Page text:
Update: I've provided a brief analysis of the three answers at the bottom of the question text and explained my choices.
My Question: What is the most efficient method of building a fixed interval dataset from a random interval dataset using stale data?
Some background: The above is a common problem in statistics. Frequently, one has a sequence of observations occurring at random times. Call it
Input. But one wants a sequence of observations occurring say, every 5 minutes. Call it
Output. One of the most common methods to build this dataset is using stale data, i.e. set each observation in
Output equal to the most recently occurring observation in
So, here is some code to build example datasets:
TInput = 100; TOutput = 50; InputTimeStamp = 730486 + cumsum(0.001 * rand(TInput, 1)); Input = [InputTimeStamp, randn(TInput, 1)]; OutputTimeStamp = 730486.002 + (0:0.001:TOutput * 0.001 - 0.001)'; Output = [OutputTimeStamp, NaN(TOutput, 1)];
Both datasets start at close to midnight at the turn of the millennium. However, the timestamps in
Input occur at random intervals while the timestamps in
Output occur at fixed intervals. For simplicity, I have ensured that the first observation in
Input always occurs before the first observation in
Output. Feel free to make this assumption in any answers.
Currently, I solve the problem like this:
sMax = size(Output, 1); tMax = size(Input, 1); s = 1; t = 2; %#Loop over input data while t <= tMax if Input(t, 1) > Output(s, 1) %#If current obs in Input occurs after current obs in output then set current obs in output equal to previous obs in input Output(s, 2:end) = Input(t-1, 2:end); s = s + 1; %#Check if we've filled out all observations in output if s > sMax break end %#This step is necessary in case we need to use the same input observation twice in a row t = t - 1; end t = t + 1; if t > tMax %#If all remaining observations in output occur after last observation in input, then use last obs in input for all remaining obs in output Output(s:end, 2:end) = Input(end, 2:end); break end end
Surely there is a more efficient, or at least, more elegant way to solve this problem? As I mentioned, this is a common problem in statistics. Perhaps Matlab has some in-built function I'm not aware of? Any help would be much appreciated as I use this routine a LOT for some large datasets.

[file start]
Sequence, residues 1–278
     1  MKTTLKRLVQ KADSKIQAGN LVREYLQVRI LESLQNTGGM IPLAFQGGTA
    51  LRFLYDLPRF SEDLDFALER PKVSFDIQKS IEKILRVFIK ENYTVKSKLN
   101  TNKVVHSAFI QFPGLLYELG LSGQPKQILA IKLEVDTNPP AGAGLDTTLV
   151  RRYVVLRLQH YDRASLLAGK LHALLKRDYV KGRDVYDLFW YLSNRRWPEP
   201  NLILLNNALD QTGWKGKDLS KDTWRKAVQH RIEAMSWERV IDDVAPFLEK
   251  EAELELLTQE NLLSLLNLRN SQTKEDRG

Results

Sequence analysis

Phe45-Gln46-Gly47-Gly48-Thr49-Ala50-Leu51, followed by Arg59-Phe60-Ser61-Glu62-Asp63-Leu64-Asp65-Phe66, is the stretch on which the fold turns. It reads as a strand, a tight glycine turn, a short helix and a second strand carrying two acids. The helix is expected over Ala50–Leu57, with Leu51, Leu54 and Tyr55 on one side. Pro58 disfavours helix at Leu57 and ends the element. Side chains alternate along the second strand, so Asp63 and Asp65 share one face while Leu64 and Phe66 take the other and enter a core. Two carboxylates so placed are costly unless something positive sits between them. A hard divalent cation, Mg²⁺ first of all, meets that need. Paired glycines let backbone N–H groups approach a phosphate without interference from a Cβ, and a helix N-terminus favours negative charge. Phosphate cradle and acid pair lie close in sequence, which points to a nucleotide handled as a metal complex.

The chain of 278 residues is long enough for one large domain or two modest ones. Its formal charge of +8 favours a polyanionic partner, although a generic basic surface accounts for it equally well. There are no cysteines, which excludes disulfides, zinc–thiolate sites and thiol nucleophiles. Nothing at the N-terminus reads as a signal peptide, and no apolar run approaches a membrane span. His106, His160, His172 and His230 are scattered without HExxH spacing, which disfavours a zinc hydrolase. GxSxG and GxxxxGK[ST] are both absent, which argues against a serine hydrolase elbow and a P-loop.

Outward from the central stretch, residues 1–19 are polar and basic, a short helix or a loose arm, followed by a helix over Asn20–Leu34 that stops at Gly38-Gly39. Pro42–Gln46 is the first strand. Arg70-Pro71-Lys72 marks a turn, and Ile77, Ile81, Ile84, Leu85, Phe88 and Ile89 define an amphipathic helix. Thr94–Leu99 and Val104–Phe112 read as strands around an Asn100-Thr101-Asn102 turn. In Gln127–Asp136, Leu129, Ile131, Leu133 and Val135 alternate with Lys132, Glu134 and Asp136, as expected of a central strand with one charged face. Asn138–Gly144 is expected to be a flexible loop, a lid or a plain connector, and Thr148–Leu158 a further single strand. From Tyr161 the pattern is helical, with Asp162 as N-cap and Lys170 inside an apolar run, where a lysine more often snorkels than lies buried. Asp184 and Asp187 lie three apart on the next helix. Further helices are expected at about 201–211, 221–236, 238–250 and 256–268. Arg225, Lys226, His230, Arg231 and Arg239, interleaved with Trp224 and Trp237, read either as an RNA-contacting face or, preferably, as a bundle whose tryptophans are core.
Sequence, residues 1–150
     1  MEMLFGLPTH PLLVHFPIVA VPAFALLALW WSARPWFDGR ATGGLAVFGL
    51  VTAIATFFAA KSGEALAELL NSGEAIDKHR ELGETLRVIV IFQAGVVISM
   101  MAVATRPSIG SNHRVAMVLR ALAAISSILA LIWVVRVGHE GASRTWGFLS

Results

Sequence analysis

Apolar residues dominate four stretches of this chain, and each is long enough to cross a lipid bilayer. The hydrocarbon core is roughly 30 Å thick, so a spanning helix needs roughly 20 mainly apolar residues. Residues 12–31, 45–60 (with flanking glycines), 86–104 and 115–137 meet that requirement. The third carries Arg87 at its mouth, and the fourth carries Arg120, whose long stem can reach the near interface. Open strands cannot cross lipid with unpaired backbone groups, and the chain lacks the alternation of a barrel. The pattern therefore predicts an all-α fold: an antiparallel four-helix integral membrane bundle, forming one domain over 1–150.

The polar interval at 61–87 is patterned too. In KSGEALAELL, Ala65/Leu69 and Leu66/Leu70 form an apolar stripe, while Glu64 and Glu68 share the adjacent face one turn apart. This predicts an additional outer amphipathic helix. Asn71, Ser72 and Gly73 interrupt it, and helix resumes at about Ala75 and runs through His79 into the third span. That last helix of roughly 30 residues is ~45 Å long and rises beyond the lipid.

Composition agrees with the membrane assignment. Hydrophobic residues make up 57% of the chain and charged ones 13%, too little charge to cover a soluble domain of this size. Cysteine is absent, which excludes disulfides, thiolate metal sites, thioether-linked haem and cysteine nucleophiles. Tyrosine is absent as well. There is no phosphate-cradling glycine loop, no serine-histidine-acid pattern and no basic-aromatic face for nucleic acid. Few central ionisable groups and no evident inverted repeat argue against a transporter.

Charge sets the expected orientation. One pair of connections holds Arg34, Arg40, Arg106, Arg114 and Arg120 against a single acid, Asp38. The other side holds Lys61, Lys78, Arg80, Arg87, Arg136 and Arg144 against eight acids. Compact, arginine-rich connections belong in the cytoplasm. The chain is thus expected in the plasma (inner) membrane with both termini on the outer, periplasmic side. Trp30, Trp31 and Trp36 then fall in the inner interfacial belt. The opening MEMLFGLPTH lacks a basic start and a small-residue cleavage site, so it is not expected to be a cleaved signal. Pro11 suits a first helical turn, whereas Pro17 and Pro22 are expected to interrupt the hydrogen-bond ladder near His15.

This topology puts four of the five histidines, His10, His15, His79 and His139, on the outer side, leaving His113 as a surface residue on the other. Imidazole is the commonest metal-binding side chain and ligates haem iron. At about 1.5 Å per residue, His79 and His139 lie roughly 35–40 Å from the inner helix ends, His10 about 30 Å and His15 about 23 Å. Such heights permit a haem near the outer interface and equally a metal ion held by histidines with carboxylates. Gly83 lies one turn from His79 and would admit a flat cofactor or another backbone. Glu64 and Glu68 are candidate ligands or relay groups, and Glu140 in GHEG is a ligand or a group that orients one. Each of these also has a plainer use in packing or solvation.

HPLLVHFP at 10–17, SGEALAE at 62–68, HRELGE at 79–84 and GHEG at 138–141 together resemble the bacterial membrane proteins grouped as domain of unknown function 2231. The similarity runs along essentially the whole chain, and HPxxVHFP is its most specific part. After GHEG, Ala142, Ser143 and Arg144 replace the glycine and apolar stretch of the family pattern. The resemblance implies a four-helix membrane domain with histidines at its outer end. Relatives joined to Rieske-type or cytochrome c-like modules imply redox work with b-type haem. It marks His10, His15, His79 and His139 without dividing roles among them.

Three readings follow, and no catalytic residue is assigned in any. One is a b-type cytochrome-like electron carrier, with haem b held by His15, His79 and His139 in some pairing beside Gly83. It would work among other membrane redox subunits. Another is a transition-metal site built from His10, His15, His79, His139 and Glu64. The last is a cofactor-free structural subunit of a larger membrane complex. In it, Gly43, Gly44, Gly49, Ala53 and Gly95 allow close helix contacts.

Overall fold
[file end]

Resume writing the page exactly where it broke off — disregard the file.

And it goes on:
THE ANSWERS: Hi all, I've analyzed the three answers, and as they stand, Angainor's is the best.
ChthonicDaemon's answer, while clearly the easiest to implement, is really slow. This is true even when the conversion to a
timeseries object is done outside of the speed test. I'm guessing the
resample function has a lot of overhead at the moment. I am running 2011b, so it is possible Mathworks have improved it in the intervening time. Also, this method needs an additional line for the case where
Output ends more than one observation after
Rody's answer runs only slightly slower than Angainor's (unsurprising given they both employ the
histc approach), however, it seems to have some problems. First, the method of assigning the last observation in
Output is not robust to the last observation in
Input occurring after the last observation in
Output. This is an easy fix. But there is a second problem which I think stems from having
InputTimeStamp as the first input to
histc instead of the
OutputTimeStamp adopted by Angainor. The problem emerges if you change
OutputTimeStamp = 730486.002 + (0:0.001:TOutput * 0.001 - 0.001)'; to
OutputTimeStamp = 730486.002 + (0:0.0001:TOutput * 0.0001 - 0.0001)'; when setting up the example inputs.
Angainor's appears robust to everything I threw at it, plus it was the fastest.
I did a lot of speed tests for different input specifications - the following numbers are fairly representative:
My naive loop:
Elapsed time is 8.579535 seconds.
Elapsed time is 0.661756 seconds.
Elapsed time is 0.913304 seconds.
Elapsed time is 22.916844 seconds.
I'm +1-ing Angainor's solution and marking the question solved.